If a book were a candy store, and I was a kid, “Every Generation’s Story: 75 Years of American Christian Engagement with Israel” would be my kid in a candy store scenario. As I read page after page, I couldn’t help but be inspired and drawn into one author’s story after another, wanting more and more.
You see, as an Orthodox Jew called to build bridges between Jews and Christians, I am blessed by many, many deep friendships with Christians who love and support Israel unconditionally. Biblically. Even though it is something that is commonplace in many churches in many parts of the world, it is something that historically is still relatively new and noteworthy, yet cannot and must not be taken for granted.
As much as it is commonplace for Christians to share their testimony about how and when they became Christian, this book in many ways is a compilation of testimonies how Christians became Christian Zionists. And as much as it is commonplace for me to interact and have deep friendships with many Christians Zionists, reading these stories are no less inspiring and moving. Perhaps, because of how personal it is, it never gets old.
Dr. Susan Michael is the editor of this important work, and one of the authors. I’ve admired her personally and her work for years, building bridges between Jews and Christians, with grace and integrity. This is another important part of her work and a true treasure.
While all of the personal accounts are unique and interesting in their own right, I was drawn to two particular categories which are cleverly compiled by age. First, as I made it to be a baby boomer by a few hours, I was drawn to the people older than myself as baby boomers and members of what are referred to as the silent generation.
These are people who grew up with the news of Israel’s restoration and early wars where God proved Israel victorious as part of their consciousness. It is a part of their life and narrative, not from history books but from their own personal recollections. I am interested, and honestly envious of that, because my memories are less vivid.
The second category of writers that especially moved me are the youngest, millennials and Gen Z. This is so important in an age where even young Christians support for Israel has decreased by as much as 50% from the previous decade. It’s all the more inspiring because the prism through which these writers look at Israel is based on others’ accounts, and seeing a mature reality today rather than Israel’s early history and struggles unfolding before their eyes. The truth is that this generation would not be wrong to take Israel and its success and significance for granted. But these writers don’t. That’s significant.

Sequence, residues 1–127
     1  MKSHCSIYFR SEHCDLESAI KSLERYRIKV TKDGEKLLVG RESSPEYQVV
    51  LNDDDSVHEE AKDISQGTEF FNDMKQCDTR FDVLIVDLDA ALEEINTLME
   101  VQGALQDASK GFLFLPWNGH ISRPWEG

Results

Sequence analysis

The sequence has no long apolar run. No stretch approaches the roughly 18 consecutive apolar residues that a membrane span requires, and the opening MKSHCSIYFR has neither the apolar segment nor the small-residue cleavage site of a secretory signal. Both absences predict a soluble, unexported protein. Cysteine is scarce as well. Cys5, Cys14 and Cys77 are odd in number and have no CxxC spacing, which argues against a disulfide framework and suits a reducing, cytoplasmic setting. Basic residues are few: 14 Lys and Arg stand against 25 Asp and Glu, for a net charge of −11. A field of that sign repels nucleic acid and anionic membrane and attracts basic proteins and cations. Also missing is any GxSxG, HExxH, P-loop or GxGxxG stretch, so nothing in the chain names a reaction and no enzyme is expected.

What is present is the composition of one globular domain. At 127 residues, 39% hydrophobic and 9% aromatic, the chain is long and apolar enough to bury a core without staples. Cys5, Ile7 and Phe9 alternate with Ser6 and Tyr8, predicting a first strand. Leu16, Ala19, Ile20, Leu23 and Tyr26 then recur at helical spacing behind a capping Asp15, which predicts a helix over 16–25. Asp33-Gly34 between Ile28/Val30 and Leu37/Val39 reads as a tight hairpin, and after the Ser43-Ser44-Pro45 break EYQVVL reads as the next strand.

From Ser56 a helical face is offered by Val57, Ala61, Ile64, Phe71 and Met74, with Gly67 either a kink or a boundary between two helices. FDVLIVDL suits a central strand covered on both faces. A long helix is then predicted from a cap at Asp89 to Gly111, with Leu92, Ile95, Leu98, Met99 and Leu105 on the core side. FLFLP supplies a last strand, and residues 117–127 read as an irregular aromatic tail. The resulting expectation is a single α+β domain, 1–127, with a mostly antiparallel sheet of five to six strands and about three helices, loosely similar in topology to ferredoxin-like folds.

As I read each of the chapters, each authored by a different person with a different background, even if I’d known them previously, I felt like I was getting to know them much more intimately. I felt like I was privileged to be engaged in a dialogue about something that’s so important to them, who they are, who they have become and their faith. This depicts the kind of relational approach that I aspire to in building bridges between Jews and Christians. It’s not a matter of telling someone what to think, or simply objectifying them in a transactional relationship, but rather getting to know them each individually, and uniquely. I enjoyed getting to know each of them.
As we mark Israel’s 75th year of independence and I was inspired to publish a very different kind of book (Israel the Miracle) also featuring Christian authors that will be published later in the year, indeed the publishing of “Every Generation’s Story” is a noteworthy and important addition to celebrating Israel’s diamond anniversary. It’s also amazing to see dozens of Christians come together for a common purpose, to celebrate Israel, expressing such a wide range of perspectives, all of which are not only not repetitive, but indeed complementary.
As much as there’s deep substance, “Every Generation’s Story” is also replete with deep symbolism. Eighteen people are profiled, in their own words. For most Christians, 18 is a random number, more than 15, less than 20. But Jews know the significance immediately. The Hebrew letters that spell the word for life, chai, have the numerical value of 18. It’s meaningful to have this number represented because it underscores another connection to and understanding of Jewish life.
But it was especially meaningful given that while I was reading at home one Shabbat afternoon, I heard children singing outside, “Am Yisrael Chai,” the people of Israel live. For kids in Israel, it’s just a song to sing when playing, part of who we are. Eighteen is very significant. Special kudos to Susan Michael, for making this an all the more significant way to connect Christians with Israel, the Jewish people, our thousands of years of traditions and language.
I pray that millions of Christians will read this book and be inspired and educated in ways that they have not been before, and that other Jews will also read the book to understand bit more about the nature of Christian Zionism and its modern-day realization. From that, the takeaway is how all Christians can and should connect more deeply with Israel, not just because God says to bless Israel, but because doing so adds tremendous dimension to one’s own faith as a Christian.
Jonathan Feldstein is President of the Genesis 123 Foundation and RunforZion.com, building bridges between Jews and Christians. He is the host of the “Inspiration from Zion” podcast, and editor of the forthcoming book “Israel the Miracle.” He and his family made moved to Israel in 2004. He can be reached at FirstPersonIsrael@gmail.com.